A few more notes and quotes from Ohio State coach Urban Meyer’s press conference on Sunday afternoon during the program’s annual media day:
THE BLACK STRIPES: A tradition that started during Meyer’s coaching days at Bowling Green has become big at Ohio State.
Meyer started placing black stripes on newcomers’ helmets until they proved they belonged.
The ritual has continued in Columbus with the stripe placed down the center, essentially making the newbies look they play for the Oakland Raiders.
“I think every program should have some kind of way you can graduate into becoming a full-fledged Ohio State Buckeye,” Meyer said. “We started that back at Bowling Green. You kind of start things and some things take off, some things don’t. This one exploded.
“Our coaches love it, our staff loves it, but most importantly our players love it. It’s a rite of passage to become an Ohio State Buckeye. You have to earn it. Having your big brother come up and take your stripe off, just the human element of the guys involved, they tear up, it’s really an emotional thing for them.”
“I think you’ll see with those three, the stripes coming off pretty soon,” Meyer said.
Meyer also mentioned freshman linebacker David Perkins in the news conference.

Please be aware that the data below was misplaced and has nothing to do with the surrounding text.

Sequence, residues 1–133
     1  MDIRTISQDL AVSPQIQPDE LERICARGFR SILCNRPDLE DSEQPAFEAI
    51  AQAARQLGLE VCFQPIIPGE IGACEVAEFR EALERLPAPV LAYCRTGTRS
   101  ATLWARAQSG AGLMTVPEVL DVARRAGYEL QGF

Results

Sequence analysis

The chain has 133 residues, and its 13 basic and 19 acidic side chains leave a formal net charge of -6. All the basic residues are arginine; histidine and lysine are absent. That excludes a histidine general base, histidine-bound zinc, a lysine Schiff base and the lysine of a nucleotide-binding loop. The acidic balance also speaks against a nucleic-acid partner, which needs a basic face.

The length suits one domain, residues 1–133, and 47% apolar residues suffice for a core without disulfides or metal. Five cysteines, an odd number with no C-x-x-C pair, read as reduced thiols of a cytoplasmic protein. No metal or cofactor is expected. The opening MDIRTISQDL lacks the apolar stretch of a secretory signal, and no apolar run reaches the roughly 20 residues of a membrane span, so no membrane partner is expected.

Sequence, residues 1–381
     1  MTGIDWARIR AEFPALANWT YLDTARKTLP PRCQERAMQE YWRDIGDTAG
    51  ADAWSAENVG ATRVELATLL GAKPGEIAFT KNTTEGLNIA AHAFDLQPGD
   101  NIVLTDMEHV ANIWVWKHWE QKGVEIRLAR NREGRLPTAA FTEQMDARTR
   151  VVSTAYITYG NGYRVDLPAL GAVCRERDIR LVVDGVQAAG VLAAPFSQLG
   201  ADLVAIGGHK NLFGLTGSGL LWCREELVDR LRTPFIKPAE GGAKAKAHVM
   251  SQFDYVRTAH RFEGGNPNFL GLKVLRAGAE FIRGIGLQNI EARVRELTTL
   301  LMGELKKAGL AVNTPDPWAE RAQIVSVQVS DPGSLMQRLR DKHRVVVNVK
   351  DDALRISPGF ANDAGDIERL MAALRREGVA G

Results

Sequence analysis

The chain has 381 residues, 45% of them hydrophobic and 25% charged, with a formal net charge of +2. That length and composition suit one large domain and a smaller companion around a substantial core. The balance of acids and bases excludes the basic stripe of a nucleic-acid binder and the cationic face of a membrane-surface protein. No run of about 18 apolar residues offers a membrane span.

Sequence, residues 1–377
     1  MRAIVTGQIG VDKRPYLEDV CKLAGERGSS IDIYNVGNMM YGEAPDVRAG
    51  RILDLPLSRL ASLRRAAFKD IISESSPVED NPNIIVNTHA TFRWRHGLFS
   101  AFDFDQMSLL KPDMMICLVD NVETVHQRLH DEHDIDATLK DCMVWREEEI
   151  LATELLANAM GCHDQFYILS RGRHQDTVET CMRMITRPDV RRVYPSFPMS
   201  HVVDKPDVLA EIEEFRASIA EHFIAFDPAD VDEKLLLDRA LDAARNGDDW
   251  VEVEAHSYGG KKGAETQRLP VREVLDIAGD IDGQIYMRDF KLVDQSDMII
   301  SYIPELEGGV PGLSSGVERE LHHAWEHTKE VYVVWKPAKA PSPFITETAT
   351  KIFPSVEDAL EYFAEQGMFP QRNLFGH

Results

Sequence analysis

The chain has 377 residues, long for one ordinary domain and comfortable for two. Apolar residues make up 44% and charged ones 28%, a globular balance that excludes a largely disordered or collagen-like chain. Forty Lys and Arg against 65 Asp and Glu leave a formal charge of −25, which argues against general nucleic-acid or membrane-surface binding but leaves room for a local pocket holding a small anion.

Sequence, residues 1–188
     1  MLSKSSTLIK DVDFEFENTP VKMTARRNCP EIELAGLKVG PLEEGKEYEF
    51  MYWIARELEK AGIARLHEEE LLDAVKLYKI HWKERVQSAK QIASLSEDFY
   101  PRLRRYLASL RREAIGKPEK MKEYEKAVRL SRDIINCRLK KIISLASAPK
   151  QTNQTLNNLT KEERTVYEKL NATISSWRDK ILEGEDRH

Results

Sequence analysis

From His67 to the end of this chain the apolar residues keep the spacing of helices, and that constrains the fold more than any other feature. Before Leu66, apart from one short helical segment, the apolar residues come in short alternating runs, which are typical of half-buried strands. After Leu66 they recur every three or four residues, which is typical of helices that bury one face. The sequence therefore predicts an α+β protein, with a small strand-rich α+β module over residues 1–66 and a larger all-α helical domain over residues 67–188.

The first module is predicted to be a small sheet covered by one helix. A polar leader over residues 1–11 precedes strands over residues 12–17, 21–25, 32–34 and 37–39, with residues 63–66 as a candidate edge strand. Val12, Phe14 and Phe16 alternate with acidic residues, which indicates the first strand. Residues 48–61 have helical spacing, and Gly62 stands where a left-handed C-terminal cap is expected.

TROPHY-TYPE LINE: How much does having Nathan Williams out of the lineup hurt the Buckeyes on the defensive front?
“[Simon] is as good a player as there is in college football,” Meyer said. “If you want a [strength] stronger, it’s Nathan Williams. He’s working so hard. He’s a football guy. He loves his teammates. He loves Ohio State. We’re doing all we can.
“If he comes back, you’re talking about a strong defensive line. If you look at 06’s team, 08’s team, that’s as good a group of defensive linemen that you’ll ever see. If that’s the measuring stick, if we get Nathan Williams back, I’d say this is that category. If he doesn’t then we’ll still be good, but I think Nathan brings that much sting to you and also experience.”
QB CONUNDRUM: Meyer can’t wait to see just how much his quarterbacks have grown since the spring game.
The only thing holding them back is, well, practice.
“I like our quarterbacks,” Meyer said. “On purpose, they’re caged tigers right now. They get quick whistles [and] wear black shirts where they’re not allowed to be touched, and obviously in our style of play, that changes the whole game. We open that cage on Sept. 1.”
Until then, drills in which they keep plays alive from behind the line of scrimmage as long as they can will have to suffice.
“We’re scrambling, but we’re not running,” Meyer said. “We’re practicing our scrambling drill a lot. We’re really focusing on it a lot. Scrambling and running is different than scrambling and keeping your eyes downfield.
“I can count on one hand the ones that drop back and don’t scramble. That’s Peyton Manning and Tom Brady. … The great quarterbacks I want are the ones that can make something out of nothing. These two can do that.”